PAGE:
Quirks and Quarks

Flexing memory muscles like the pros can build long term memories

A technique developed in Ancient Greece helps the world's top memory athletes remember scores of arbitrary information in a matter of minutes. But it can also help non-professionals boost their long-term memory skills.

The 'method of loci,' developed in Ancient Greece, helped one person to remember 65,536 digits of pi

In memory championships, competitors have to accurately memorize huge amounts of arbitrary information. But a new study shows their techniques can help boost long term memories outside of the championship ring. (pathdoc/Shutterstock)

New research shows that a technique used by top 'memory athletes' could help untrained people boost their long term memories.

Memory athletes compete to remember as much information as possible in a short period of time. To do this, many of them utilize a technique called 'the method of loci' which involves mentally placing items along a well-known path.

"We wanted to know whether this method actually helps to form longer lasting memories rather than just memories that are weak and fade away with time," lead researcher Isabella Wagner told Quirks & Quarks host Bob McDonald.

The research was published in the journal Science Advances.

Take a walk down a familiar path

The technique is well-known in the world of memory sports. It has been traced back to Ancient Greece, and was used by one person to remember 65,536 digits of pi.

Lead author Isabella Wagner, a cognitive neuroscientist at the University of Vienna. (Isabella Wagner)

"You basically start with a route or a pathway that you're very familiar with," said Wagner, a cognitive neuroscientist at the University of Vienna. "It can be really anything. So, for example, you could start with imagining the way through your apartment. You start at the entrance, you walk over to the kitchen, and into the bedroom."

Then, along that path, participants picture images associated with whatever they're trying to remember - such as, a cow in the hallway if you need to remember milk. Or, chickens in the bedroom if you need to remember eggs.

"You make associations that are as weird and novel and funny as possible because that's typically something that the brain remembers really well," said Wagner.

Brain scans show surprising results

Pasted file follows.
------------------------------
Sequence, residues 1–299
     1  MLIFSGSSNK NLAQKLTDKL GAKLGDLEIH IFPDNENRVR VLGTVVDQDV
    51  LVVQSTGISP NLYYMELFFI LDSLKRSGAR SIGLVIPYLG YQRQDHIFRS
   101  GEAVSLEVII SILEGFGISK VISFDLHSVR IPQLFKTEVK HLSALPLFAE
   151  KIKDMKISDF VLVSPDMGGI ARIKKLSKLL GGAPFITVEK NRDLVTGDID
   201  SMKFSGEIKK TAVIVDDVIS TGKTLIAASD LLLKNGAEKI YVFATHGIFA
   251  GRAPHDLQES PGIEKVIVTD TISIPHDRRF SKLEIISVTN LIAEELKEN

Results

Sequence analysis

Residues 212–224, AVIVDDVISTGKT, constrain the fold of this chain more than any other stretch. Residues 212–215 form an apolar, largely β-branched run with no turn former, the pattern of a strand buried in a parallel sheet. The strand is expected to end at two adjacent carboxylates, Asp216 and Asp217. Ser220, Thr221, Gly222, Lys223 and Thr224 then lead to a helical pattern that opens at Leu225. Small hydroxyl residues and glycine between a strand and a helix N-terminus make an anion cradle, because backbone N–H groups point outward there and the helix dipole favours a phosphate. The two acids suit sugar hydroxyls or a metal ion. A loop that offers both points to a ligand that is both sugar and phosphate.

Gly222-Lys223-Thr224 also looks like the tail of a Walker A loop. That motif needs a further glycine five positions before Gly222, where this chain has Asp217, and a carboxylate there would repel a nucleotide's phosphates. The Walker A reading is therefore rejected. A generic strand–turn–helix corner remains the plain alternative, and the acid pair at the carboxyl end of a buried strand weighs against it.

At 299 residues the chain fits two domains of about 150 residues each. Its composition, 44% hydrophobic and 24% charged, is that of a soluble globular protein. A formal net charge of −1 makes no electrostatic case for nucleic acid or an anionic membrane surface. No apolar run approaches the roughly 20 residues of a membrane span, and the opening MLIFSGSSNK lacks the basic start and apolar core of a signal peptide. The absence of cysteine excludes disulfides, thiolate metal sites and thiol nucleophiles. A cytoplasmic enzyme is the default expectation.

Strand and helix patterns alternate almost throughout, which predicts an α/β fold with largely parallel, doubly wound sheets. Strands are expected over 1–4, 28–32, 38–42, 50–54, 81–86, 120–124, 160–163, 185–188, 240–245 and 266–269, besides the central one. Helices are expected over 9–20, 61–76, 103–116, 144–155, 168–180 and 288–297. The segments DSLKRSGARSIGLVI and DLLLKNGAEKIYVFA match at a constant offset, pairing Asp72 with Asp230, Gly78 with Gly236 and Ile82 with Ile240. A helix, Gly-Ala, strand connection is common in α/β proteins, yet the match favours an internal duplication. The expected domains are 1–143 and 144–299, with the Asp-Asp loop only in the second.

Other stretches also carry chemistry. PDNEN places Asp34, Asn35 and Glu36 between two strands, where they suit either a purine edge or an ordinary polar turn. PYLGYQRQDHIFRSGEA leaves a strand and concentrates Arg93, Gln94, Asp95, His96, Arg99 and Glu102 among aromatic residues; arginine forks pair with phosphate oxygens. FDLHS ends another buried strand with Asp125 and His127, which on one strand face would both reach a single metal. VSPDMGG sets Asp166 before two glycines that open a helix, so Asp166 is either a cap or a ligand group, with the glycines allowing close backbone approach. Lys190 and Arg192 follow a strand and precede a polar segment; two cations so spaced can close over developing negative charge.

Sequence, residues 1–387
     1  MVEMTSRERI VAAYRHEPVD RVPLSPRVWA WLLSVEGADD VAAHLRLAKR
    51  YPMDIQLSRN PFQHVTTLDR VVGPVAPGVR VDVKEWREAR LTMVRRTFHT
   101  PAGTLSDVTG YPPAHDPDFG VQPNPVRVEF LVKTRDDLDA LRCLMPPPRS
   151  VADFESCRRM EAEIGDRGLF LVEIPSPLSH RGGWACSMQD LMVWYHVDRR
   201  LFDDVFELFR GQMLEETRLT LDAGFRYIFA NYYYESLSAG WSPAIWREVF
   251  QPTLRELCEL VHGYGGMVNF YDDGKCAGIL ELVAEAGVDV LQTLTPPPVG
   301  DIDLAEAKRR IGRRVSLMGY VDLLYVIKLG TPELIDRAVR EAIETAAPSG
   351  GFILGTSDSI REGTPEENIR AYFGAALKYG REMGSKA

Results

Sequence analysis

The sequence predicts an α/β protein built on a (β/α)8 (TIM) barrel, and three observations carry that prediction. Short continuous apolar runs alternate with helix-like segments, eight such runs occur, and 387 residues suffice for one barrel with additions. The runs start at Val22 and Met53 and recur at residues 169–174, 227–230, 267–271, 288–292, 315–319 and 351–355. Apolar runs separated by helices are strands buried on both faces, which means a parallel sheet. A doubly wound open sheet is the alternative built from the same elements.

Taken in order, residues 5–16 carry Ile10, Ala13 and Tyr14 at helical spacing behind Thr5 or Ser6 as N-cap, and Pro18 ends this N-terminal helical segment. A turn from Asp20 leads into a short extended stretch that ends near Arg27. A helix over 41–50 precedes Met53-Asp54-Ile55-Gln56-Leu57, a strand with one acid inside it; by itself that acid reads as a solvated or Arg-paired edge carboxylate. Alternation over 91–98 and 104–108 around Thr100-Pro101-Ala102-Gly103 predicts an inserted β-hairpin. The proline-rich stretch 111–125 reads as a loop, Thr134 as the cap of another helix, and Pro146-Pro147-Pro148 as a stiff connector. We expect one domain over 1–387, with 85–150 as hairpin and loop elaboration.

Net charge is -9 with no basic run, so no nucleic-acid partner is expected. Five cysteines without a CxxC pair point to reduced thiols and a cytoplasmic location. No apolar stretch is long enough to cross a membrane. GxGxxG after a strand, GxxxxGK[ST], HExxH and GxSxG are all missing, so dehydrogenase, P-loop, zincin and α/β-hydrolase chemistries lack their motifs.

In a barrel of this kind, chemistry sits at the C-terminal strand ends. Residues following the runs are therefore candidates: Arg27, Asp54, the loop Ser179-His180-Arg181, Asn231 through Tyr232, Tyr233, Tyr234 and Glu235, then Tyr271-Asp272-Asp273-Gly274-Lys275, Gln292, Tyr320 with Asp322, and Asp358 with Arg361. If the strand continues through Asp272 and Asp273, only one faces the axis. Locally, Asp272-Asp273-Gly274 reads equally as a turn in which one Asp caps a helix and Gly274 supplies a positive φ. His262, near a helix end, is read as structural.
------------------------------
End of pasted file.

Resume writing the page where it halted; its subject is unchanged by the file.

To study this, the team worked with 17 of the world's top memory athletes, and 50 non-athletes. The group was asked to remember a list of 72 words. Some of the non-professional group were trained using the method of loci, some were trained using other techniques, and some were not trained at all. All participants had fMRI images taken of their brains.

At first, the non-athletes were able to remember an average of 20 words. But after 6 weeks, the group trained using loci were able to remember over 60 words, while the control groups had no improvement. The participants were also tested four months later, and the memory efficiency had endured. 

The memory athletes easily remembered the 72 words. "If we would have given them more material, they would have even higher performance," said Wagner.

fMRI scans of the memory athletes compared to the non-athletes showed that loci training helped the brain work more efficiently. (David Tadevosian/Shutterstock)

The fMRI scans showed that the group who underwent loci training and the memory athletes had similar brain activity patterns after just a short period of time, and the process seemed to make the brain more efficient at storing memories.

"The regions that are typically engaged in forming long term memories, such as the medial temporal lobe, those regions showed decreased brain activity after training, which was quite surprising to us because typically better performance is always associated with more increased brain activity. And this was exactly the opposite," said Wagner.

Produced and written by Amanda Buckiewicz